Peri-anal Fistula Repair

An anal fistula is a narrow tunnel or tract running from the skin near the back passage and opening into the anal canal higher up. This discharges pus irregularly and may be uncomfortable. It often shows up after there has been an abscess near the anus. During the operation the fistula tract is identified and is opened along its length, and the exposed inside of the tract is then cleaned out. The wound is usually left open without suturing it. The wound becomes shallower as it heals, and ends up as a flat scar after a month or two. If it is too deep a drain can then be placed as a seton.

WHY IS THIS OPERATION NECESSARY?

The tunnel opening on the skin is connected to the inside of the anus and stool as well as organisms continues to travel along this tract, preventing healing. It becomes chronic and causes infection with intermittent pain or bleeding. It can cause repeated infections or abscesses and there is ongoing drainage or leakage from the fistula opening.

Peri-anal Fistula Repair
Peri-anal Fistula Repair

ARE THERE ALTERNATIVE TREATMENTS AVAILABLE?

Antibiotics may relieve the symptoms and draining the pus by a simple incision is possible, but it is likely then to return. Once a fistula has appeared, there is very little chance that it would heal without surgery. The alternative to cutting open the roof of the tract and laying it open is to excise the whole tunnel intact. This is called a fistulotomy and it sometimes involves closing the inside opening of the tunnel by suturing a flap of healthy mucosa over it. There are also treatments being studied where a tissue plug or glue is inserted in the tunnel to attempt sealing it off.

IS IT SAFE TO HAVE THIS OPERATION?

Before you agree to the operation, you should consider the risks that may be involved. Your surgery will be performed by a team of highly qualified and skilled professionals who will take all steps necessary to ensure a safe procedure and a successful result. However, there are risks involved with all surgery even if these risks may be small.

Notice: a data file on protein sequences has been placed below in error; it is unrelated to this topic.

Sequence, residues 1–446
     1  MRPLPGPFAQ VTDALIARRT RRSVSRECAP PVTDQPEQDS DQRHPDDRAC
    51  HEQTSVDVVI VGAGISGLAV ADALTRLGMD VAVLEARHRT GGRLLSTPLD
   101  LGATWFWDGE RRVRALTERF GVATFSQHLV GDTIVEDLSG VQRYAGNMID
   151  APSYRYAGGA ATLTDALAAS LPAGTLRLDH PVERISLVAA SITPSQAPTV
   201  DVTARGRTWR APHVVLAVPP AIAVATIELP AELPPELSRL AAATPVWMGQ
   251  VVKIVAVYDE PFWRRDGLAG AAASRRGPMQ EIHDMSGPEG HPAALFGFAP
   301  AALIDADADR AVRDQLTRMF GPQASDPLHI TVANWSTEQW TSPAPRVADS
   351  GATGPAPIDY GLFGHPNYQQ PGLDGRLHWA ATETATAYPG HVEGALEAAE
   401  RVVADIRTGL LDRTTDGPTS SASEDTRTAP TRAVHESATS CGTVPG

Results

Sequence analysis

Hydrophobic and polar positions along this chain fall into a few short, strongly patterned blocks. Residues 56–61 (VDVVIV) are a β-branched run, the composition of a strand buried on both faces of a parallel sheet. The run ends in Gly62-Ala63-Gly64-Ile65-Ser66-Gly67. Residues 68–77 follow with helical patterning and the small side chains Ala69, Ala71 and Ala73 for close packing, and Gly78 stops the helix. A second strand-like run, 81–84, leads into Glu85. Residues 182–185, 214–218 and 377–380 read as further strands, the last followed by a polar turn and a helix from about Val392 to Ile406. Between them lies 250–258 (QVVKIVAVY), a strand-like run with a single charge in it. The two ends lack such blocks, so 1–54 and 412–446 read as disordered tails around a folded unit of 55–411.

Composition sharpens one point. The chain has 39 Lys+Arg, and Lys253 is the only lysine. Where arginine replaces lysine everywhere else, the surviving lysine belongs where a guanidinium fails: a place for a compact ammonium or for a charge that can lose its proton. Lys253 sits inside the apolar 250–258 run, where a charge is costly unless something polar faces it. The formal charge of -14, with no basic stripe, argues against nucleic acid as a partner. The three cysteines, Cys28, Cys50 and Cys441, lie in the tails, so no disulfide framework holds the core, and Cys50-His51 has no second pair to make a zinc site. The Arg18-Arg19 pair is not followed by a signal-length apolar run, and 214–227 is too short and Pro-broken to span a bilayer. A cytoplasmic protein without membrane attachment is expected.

WHAT ARE THE GENERAL RISKS INVOLVED?

There are risks for developing complications which are general and which may occur with any surgical procedure. These complications include the risk of infection, bleeding, pain, wound breakdown, deep vein thrombosis, or complications affecting the heart, lungs or kidneys.

WHAT ARE THE SPECIFIC RISKS INVOLVED?

There is a chance of damage to the circular anal muscle. If the tunnel is found to run through the sphincter muscle, it would be unsafe to cut it open because the muscle would be damaged. In such a case the surgeon may choose to thread a thin plastic tube along its length and this is called a seton. This seton will then be left in the fistula tract to keep it open and allow drainage and promote healing. The seton would typically stay in position for 4 to 6 weeks after which it either falls out by itself or is removed with a simple procedure. Later complications may occur such as an anal stricture or narrowing of the anus opening. The chance of another fistula forming later on is about 10%.

WHAT ARE THE ANAESTHETIC RISKS INVOLVED?

You can discuss the type of anaesthetic you will have with your anaesthetist and also the possible complications that may occur.

IS IT SAFE TO HAVE THIS OPERATION?

Before you agree to the operation, you should consider the risks that may be involved. Your surgery will be performed by a team of highly qualified and skilled professionals who will take all steps necessary to ensure a safe procedure and a successful result. However, there are risks involved with all surgery even if these risks may be small.

WHAT ARE THE GENERAL RISKS INVOLVED?

There are risks for developing complications which are general and which may occur with any surgical procedure. These complications include the risk of infection, bleeding, pain, wound breakdown, deep vein thrombosis, or complications affecting the heart, lungs or kidneys.

WHAT ARE THE SPECIFIC RISKS INVOLVED?

There is a chance of damage to the circular anal muscle. If the tunnel is found to run through the sphincter muscle, it would be unsafe to cut it open because the muscle would be damaged. In such a case the surgeon may choose to thread a thin plastic tube along its length and this is called a seton. This seton will then be left in the fistula tract to keep it open and allow drainage and promote healing. The seton would typically stay in position for 4 to 6 weeks after which it either falls out by itself or is removed with a simple procedure. Later complications may occur such as an anal stricture or narrowing of the anus opening. The chance of another fistula forming later on is about 10%.

WHAT ARE THE ANAESTHETIC RISKS INVOLVED?

You can discuss the type of anaesthetic you will have with your anaesthetist and also the possible complications that may occur.

WHAT SHOULD I DO BEFORE THE OPERATION?